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Chutzpah indeed: Itai Erdal's "A Very Narrow Bridge" spans very troubled waters

A wry and moving confessional on travails of Israeli expatriation

Erdal siblings under rabbinical scrutiny. Photo: Emily Cooper

At last the Chutzpah Festival lives up to its name. In case anybody didn't know, "chutzpah," in Yiddish, means something like "effrontery."

Kudos to author/actor Itai Erdal for the topical chutzpah of his one-act multimedia confessional, and to the Festival organizers for their chutzpah in premiering it in the boardroom (no less!) of the Jewish Community Center (JCC).

The play is an hour-long exploration of Erdal's postpartum pangs in emigrating to Canada from his native Israel. Granted, the manners here are less grating, if a tad stand-offish. And Canadian politics, at least in Vancouver, may be marginally less genocidal than Israel's colonization of Palestine.

But the hummus is lousy and the human relations are as watered-down as the unnervingly aseasonal fruits and vegetables.

All this comes out when he revisits Jerusalem to formally -- i.e. rabbinically -- divorce his ex-wife. Only then, under Israeli law, can she be free to remarry there, as she now wishes.

But the religious tribunal won't even consider her wishes in the matter. All that matters is his status in the Jewish caste system. If he's from the priestly Cohen caste, no divorce is possible, no matter what either of the partners may want.

The triumvirate of judges, of course, are themselves quintessential Cohens: crotchety, obfuscatory, self-righteously meddlesome, dilatory, bureaucratic.

In another master-stroke of chutzpah, Erdal and his co-directors, Anita Rochon and Maiko Yamamoto, have cast a black actor, Tom Pickett, and a female, Patti Allan, as well as a wispy young beardnik, Anton Lipotevsky, as the rabbinical black hats. And somehow, for all their diversity, all three of them manage to come off as crankily and endearingly Jewish as Bernie Sanders.

But more than the pat pietisms of the rabbis, Erdal is troubled by the growing religiosity of his sister, Talia. They grew up as close siblings in a secular household.

Like him, she's a modern person with some cosmopolitan world experience. They share a left-liberal political tilt and they're both appalled by Israel's callous irredentism in Palestine. She's a brilliant cellist and composer, with a promising concert career in Europe.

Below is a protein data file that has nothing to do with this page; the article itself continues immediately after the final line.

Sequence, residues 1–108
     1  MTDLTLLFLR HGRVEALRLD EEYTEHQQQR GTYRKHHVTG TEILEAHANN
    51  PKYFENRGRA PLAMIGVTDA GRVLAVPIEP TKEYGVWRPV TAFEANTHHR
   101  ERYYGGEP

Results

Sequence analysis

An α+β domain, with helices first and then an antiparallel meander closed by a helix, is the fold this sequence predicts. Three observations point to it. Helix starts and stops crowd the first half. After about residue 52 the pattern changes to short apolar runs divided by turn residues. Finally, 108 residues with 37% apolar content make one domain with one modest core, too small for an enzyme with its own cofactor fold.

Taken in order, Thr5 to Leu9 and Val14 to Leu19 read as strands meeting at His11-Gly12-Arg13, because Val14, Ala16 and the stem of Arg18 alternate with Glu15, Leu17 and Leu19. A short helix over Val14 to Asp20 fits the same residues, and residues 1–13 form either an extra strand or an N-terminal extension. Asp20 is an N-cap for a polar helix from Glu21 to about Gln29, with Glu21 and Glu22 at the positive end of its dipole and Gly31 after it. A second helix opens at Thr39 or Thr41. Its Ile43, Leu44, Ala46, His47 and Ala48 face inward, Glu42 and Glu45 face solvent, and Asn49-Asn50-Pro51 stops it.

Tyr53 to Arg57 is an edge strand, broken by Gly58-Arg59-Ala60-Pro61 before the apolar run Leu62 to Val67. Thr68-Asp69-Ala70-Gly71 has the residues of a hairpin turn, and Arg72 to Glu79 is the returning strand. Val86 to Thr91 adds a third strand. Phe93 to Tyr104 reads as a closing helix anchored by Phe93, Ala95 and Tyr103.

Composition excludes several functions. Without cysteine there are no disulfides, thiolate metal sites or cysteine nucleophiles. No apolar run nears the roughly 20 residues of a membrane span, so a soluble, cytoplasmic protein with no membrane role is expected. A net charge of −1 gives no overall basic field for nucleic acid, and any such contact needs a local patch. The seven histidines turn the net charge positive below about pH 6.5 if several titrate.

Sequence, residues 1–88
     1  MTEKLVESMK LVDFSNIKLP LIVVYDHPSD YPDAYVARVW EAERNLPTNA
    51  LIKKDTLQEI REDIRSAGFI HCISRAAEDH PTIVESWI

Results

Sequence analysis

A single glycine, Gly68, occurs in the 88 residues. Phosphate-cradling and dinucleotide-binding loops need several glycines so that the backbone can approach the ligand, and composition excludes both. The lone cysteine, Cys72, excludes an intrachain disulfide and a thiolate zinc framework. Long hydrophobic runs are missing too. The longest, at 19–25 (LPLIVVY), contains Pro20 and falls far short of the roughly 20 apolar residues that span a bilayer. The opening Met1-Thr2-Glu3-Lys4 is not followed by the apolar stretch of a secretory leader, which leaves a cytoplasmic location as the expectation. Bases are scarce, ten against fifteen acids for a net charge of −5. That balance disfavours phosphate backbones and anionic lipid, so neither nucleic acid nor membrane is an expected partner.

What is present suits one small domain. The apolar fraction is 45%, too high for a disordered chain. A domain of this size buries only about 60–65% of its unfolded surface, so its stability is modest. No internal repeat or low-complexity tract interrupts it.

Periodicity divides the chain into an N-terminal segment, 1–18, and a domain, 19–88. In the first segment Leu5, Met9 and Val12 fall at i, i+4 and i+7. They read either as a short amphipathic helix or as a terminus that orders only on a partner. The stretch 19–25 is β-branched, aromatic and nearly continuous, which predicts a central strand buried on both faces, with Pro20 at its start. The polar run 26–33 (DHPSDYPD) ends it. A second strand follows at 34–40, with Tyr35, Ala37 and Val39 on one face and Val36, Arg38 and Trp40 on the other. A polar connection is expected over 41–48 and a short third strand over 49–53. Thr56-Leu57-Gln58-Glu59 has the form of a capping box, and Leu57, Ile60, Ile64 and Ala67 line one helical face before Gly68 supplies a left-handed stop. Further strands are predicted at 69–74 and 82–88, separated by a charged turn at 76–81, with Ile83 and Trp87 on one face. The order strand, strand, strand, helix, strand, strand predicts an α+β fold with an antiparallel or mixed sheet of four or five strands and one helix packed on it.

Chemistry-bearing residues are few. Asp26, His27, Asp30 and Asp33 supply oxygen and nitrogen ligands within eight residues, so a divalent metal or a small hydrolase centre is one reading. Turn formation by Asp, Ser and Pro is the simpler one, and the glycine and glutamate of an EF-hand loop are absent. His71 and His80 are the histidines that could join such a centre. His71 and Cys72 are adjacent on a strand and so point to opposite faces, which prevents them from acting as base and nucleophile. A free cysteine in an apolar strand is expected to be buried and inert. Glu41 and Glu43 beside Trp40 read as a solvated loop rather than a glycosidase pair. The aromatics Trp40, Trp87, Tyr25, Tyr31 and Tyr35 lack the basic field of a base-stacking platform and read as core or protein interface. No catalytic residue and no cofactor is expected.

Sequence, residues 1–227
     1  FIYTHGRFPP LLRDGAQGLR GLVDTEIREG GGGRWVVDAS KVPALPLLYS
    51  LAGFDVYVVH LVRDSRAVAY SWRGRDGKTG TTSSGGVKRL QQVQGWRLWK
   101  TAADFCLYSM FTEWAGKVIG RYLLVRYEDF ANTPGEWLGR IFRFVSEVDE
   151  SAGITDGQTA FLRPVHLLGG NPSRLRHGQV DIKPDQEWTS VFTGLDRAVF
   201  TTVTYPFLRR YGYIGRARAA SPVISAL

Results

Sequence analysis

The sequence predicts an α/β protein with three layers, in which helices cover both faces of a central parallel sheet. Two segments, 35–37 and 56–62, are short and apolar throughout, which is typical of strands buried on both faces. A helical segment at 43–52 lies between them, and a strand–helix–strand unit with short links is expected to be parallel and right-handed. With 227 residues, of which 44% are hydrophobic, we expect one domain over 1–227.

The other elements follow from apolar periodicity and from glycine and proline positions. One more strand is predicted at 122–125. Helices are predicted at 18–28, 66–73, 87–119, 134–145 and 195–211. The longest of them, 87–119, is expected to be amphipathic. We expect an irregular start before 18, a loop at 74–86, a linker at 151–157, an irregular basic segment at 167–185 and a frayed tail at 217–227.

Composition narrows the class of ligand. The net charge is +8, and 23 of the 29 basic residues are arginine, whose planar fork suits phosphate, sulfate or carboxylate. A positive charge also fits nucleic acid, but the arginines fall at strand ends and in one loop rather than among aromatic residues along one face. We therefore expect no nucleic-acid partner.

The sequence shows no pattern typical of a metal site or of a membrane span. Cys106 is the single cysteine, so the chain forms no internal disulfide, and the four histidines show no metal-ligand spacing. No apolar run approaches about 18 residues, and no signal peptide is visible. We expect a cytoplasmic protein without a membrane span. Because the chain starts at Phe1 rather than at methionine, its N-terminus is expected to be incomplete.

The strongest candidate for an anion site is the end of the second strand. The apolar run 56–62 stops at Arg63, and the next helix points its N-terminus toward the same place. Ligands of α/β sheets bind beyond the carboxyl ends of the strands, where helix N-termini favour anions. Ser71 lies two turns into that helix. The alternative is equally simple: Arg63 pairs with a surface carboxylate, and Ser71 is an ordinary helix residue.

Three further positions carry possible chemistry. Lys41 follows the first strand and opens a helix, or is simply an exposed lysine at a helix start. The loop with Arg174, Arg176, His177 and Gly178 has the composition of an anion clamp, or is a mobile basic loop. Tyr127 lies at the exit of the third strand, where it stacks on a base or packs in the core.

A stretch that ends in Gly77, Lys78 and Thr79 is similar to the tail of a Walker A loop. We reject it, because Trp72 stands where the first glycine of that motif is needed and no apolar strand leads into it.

Yet she's become convinced that, without a religious dimension, Israel has "no right" to exist where it does. And she's determined to return there someday, where she can keep a properly regenerative Sabbath. Itai, who can't envision himself ever going back or getting religion, is afraid he's "losing her."

It's Talia who first appears in "A Very Narrow Bridge," lugging her cello in a red plastic case. She unpacks the instrument and launches into a spirited pizzicato rendition of the show's title song, an anthem by an 18th century Hasidic sage.

The song's lyric ("The world is a very narrow bridge/What's important is to not be afraid") has served variously as a triumphal battle hymn in Israel's 1967 Yom Kippur War and a plaintive prayer through dark decades of pogroms. Talia plays it both ways -- with many shadings in between -- in the JCC board room, as Itai (assisted by Candalario Andrade's projected slideshow montage) runs through a whirlwind recap of their shared family history and the deep, 6,000 year history of Israel's much-contested land.

In the end, Erdal gets his gett (rabbinical divorce decree) and the show climaxes with Talia's lengthy and passionate original cello disquisition on the old Hasidic theme.

It's as much her show as his, as much a musical as a theatrical event. But the Erdal siblings' "Very Narrow Bridge" -- like the interminable Israel/Palestine imbroglio or the worldly Jewish adventure of diasporic expatriation -- can only end inconclusively.

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